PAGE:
Fourth council rebel resigns parish seat

PUBLISHED: 22:00 02 May 2002 | UPDATED: 11:50 03 March 2010

TRIMLEY'S final member of the "Gang of Four" has resigned his council seat in protest of new government rules that force members to declare their investments and allegiances.

TRIMLEY'S final member of the "Gang of Four" has resigned his council seat in protest of new government rules that force members to declare their investments and allegiances.

Trevor Jones handed in his letter of resignation at the annual parish council meeting this week following in the footsteps of three other councillors.

Only last month Nigel Bantoft, Brian Greening and Colin D'Eath dramatically handed in their letters of resignation and walked out at the end of the annual parish meeting.

They were angry at having to sign a public register giving details of financial investments which may have a bearing on their decision-making, jobs, unions and organisations they belong to - and to act as informants on their colleagues.

They say it is an infringement of their rights and bureaucracy gone mad when all they wanted to do was represent and improve their community.

Trevor Jones, who resigned on Monday, said: "The new code of conduct rules is ridiculous and has no bearing on the work we do to represent the community.

"I would have to declare that I am a member of a teacher's union but I don't have to declare my interests to the education authority to be a governor of a primary school."

As councillors across the county consider their futures, the secretary of the Suffolk Association of Local Councils has stepped in to try to assure them that the controversial new code of conduct will have little effect on their service.

"Although the code demands the highest standards from councillors, I have no doubt that from my experience of working for 350 parish and town councils for five and a half years they will have little trouble in abiding by it," said Mary Mitson-Woods.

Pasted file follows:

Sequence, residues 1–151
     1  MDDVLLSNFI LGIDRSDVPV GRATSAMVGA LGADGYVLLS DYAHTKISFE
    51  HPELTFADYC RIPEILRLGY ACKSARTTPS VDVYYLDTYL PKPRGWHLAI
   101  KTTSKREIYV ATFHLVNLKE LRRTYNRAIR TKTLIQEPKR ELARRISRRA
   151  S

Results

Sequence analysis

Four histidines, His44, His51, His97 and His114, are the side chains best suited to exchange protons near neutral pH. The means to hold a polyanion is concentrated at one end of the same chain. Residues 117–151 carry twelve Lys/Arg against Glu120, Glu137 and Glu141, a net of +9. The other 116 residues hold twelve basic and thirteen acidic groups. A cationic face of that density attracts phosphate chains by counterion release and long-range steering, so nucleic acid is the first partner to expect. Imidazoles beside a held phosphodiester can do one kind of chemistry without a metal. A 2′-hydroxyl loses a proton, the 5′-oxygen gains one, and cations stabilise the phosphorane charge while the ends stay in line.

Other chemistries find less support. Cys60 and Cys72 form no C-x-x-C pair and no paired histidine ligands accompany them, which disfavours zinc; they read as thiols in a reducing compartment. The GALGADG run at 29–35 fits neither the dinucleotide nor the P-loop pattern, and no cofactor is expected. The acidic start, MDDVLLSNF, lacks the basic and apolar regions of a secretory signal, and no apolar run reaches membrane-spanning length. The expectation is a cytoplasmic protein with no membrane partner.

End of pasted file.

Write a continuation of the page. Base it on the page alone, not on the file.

"I would appeal to all parish and town councillors not to resign and deprive their communities of the value and commitment built up over the years."

Any parish councillor who fails to sign the new register of interests within 28 days of the new Code of Conduct being adopted nationally on May 5 will be disqualified from serving as a councillor.

Alun Michael, minister of state for rural affairs, said the government recognised the efforts of parish councils and was not attempting to abolish them or secretly monitoring their effectiveness.

Trimley St Mary Parish Council now has five vacancies out of 11 which they are trying to fill.

The council has indicated that it is willing to co-opt new members but villagers have until May 10 to ask for a poll.

The parish council has agreed to write to organisations in the area to see if there are any suitable candidates who wish to join the parish council.

To be eligible to serve, people would have to live within three miles, work in, or own property in the village.

If you value what this story gives you, please consider supporting the Ipswich Star. Click the link in the orange box below for details.

Become a supporter

This newspaper has been a central part of community life for many years, through good times and bad, serving as your advocate and trusted source of local information. Our industry is facing testing times, which is why I’m asking for your support. Every single contribution will help us continue to produce award-winning local journalism that makes a measurable difference to our community.

Thank you.

Most Read

Most Read

Latest from the Ipswich Star